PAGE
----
The Big Bang Theory has spent a lot of this season focusing on Sheldon and Amy’s relationship. We’ve seen them go through a ton of ups and downs, but now they’re in a spot where they’re comfortable, happy, and in love. It’s been a rewarding turn for the show, but the almost exclusive focus on Sheldon and Amy has meant that the other characters on the show have suffered. They’ve largely been reduced to meaningless subplots over the course of this season, with no real character development happening from one week to the next. “The Big Bear Precipitation” switches things up though, choosing instead to focus on Leonard and Penny, as well as Howard and Bernadette.

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It’s a welcome shift in storytelling, as large parts of this season have felt rather insignificant for those couples despite the fact that they’re going through some significant life changes. Howard and Bernadette have a baby on the way, and Leonard and Penny are newly married, meaning that their should be plenty of stories to tell with these characters. And yet, so much of this season has seen them banished to the fringes. “The Big Bear Precipitation” focuses solely on them though, and it’s a rather refreshing change. We get to check back in with both couples and see where they’re at.

For the most part, “The Big Bear Precipitation” keeps things low-key. Things start out harmless enough for Penny and Leonard, as they’re off to a cabin in the woods with Amy and a very reluctant Sheldon. Predictable but funny antics follow, with Sheldon going all-in on the mosquito-net hat, worrying about tics, and sarcastically lamenting the rain that cancels their hike. Things pick up though when Penny suggests they play Never Have I Ever and secrets start to spill out. First, it’s revealed that Sheldon was arrested for jaywalking. Or, rather, he was arrested when he confronted a cop for not arresting him after he jaywalked, which is classic Sheldon.

Thing get more personal after that, and that’s when the episode hits its stride by diving back into Leonard and Penny’s relationship. Sheldon can’t read the social cues of revealing harmless secrets, so he reveals that Leonard has been keeping a secret savings account during the years he’s been with Penny because he doesn’t trust her spending. That sets Penny off, but when Leonard goes to apologize, her anger is more than just a reaction to his secret. Instead, she tells him that she hates her job. She’s sick of flirting with doctors for sales, but she knows she needs the money to pay off her debt, which Leonard reminds her is substantial. It’s not the most revelatory moment or anything—the show has been down this road with Leonard and Penny before—but it is a nice reminder that these two are actually married and have actual real life problems to deal with. So, when Penny decides she’s going to do the adult thing and stick with her job until her debt is paid off, it’s a nice bit of character growth that also opens up potential storylines for future episodes.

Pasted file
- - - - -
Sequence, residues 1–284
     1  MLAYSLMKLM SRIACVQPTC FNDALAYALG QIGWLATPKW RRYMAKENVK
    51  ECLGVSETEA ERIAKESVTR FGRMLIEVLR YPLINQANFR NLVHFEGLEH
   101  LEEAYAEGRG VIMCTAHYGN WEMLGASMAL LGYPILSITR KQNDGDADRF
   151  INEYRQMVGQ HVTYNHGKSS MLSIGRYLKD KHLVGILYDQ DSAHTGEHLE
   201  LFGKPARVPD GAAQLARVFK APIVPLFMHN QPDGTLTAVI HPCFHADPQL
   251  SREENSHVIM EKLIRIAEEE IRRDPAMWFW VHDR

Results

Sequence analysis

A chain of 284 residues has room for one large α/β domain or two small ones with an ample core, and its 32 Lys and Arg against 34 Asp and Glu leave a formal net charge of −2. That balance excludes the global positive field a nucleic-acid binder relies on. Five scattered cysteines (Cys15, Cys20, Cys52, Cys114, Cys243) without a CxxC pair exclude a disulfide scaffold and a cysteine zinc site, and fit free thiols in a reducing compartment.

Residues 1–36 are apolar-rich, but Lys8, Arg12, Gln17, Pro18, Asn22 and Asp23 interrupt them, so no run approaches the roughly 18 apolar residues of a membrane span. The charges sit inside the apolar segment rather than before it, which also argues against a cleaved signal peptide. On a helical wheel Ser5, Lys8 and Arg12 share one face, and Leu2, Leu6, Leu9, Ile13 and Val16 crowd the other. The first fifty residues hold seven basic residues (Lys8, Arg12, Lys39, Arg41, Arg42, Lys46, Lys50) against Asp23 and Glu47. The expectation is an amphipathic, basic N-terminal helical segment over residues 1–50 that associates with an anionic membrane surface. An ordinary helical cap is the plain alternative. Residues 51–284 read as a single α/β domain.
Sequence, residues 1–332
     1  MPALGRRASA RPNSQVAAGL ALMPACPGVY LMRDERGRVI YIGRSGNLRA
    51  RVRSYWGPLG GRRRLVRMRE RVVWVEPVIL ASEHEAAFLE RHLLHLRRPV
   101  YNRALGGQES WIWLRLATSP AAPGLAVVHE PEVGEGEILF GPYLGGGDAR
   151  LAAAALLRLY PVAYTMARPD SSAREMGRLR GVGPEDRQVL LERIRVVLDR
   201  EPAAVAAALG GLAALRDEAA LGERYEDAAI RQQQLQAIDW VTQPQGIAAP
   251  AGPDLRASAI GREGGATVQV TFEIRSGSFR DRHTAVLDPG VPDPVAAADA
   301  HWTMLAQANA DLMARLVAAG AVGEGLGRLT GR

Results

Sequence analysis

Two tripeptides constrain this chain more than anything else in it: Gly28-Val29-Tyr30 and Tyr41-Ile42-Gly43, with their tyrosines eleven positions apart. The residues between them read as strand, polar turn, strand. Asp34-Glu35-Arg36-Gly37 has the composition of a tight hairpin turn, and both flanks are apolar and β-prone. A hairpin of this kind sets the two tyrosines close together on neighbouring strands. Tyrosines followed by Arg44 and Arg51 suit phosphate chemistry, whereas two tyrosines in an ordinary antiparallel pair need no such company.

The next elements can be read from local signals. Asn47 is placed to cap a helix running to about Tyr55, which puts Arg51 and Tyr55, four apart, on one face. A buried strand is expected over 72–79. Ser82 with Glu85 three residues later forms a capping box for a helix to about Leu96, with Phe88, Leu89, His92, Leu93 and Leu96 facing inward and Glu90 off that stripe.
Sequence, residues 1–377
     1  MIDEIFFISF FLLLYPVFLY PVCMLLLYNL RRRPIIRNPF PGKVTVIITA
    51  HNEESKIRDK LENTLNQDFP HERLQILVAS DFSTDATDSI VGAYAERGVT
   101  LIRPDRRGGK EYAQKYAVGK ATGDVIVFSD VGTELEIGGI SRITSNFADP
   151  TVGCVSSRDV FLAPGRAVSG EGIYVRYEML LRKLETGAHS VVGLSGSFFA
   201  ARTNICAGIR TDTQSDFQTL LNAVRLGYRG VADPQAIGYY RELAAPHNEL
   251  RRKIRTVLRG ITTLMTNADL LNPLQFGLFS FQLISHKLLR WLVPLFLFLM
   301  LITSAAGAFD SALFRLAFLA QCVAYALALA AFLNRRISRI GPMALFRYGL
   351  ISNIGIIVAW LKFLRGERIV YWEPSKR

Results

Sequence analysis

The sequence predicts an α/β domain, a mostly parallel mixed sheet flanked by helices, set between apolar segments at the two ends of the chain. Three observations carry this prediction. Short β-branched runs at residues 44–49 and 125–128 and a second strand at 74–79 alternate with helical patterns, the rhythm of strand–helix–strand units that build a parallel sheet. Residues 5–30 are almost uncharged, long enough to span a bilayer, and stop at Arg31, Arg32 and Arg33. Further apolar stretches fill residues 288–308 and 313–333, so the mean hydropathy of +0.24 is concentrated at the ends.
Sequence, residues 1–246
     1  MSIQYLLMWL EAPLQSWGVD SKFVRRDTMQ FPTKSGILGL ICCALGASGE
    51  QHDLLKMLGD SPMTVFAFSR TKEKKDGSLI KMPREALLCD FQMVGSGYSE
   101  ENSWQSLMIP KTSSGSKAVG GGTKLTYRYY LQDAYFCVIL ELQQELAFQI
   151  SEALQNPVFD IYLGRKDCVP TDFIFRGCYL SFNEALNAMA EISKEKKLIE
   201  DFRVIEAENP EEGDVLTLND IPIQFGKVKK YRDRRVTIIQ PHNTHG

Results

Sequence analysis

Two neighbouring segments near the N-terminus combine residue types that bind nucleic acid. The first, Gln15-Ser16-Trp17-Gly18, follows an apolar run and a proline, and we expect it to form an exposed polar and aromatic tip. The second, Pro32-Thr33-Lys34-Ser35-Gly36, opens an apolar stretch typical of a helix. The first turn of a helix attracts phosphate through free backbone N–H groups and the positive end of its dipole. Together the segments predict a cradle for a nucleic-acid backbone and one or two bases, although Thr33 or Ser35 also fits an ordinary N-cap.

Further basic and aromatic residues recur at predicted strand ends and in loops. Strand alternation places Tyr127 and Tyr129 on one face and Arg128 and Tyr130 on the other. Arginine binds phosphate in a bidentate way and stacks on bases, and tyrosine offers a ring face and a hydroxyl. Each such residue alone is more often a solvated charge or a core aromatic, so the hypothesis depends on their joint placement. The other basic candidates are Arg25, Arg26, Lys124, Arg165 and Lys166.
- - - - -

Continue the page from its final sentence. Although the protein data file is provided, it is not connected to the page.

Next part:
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As for Howard and Bernadette, as the baby’s due date gets closer Raj is becoming more and more intrusive. He’s helping Bernadette run errands, sending her emails with relevant articles, and insisting on being there when they try out a gadget that lets them listen to the baby’s heartbeat. Things go over-the-top though when he comes home with a huge stuffed teddy bear, and Howard decides to confront him. He reminds him that the three of them aren’t having the baby, and that maybe Raj should lay off just a bit. Raj is, of course, hurt by the suggestion, and eventually Howard and Bernadette regret rejecting him as well. So, they bring him back and tell him that he can absolutely be a part of this process, but that certain boundaries need to be respected.

It’s a solid enough storyline, and one that makes sense given how weirdly intimate these three characters are, but I feel like the show missed an opportunity to really dig into Howard and Bernadette’s relationship dynamic. What I mean is that perhaps Raj wouldn’t be so involved in their lives if Howard helped out more. After all, when Bernadette and Raj come back to the house after running errands, Howard is sitting on the couch playing video games. There’s a very brief mention of this near the end of the episode—Howard quickly says he should help out more around the house—but I feel like the show could dig deeper. After all, Howard and Bernadette have always had this kind of lopsided relationship. It’s rather inexplicable at times, and “The Big Bear Precipitation” had a chance to really explore how these two characters do and don’t work together.

If The Big Bang Theory is going to stay on the air for a little longer, and the show is going to continue to grow and include marriages and kids and other adult responsibilities, there needs to be a shift in how the show treats its characters. As their lives change so should the show, adding depth and more understanding to these relationships that, like all relationships, are built on a foundation of insecurities, comforts, commonalities, and differences.

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Stray observations

  • “Why aren’t there more genius squirrels?”
  • Sheldon is rightly frightened that cabins in the woods contain “teenagers with guitars.”
  • Howard’s response to a video of a woman giving birth in a river: “That’s the least Jewish thing I’ve seen in my life.”
  • Sheldon only jaywalked because he saw an “aggressive looking girl scout” and it was during “the heart of cookie season.”

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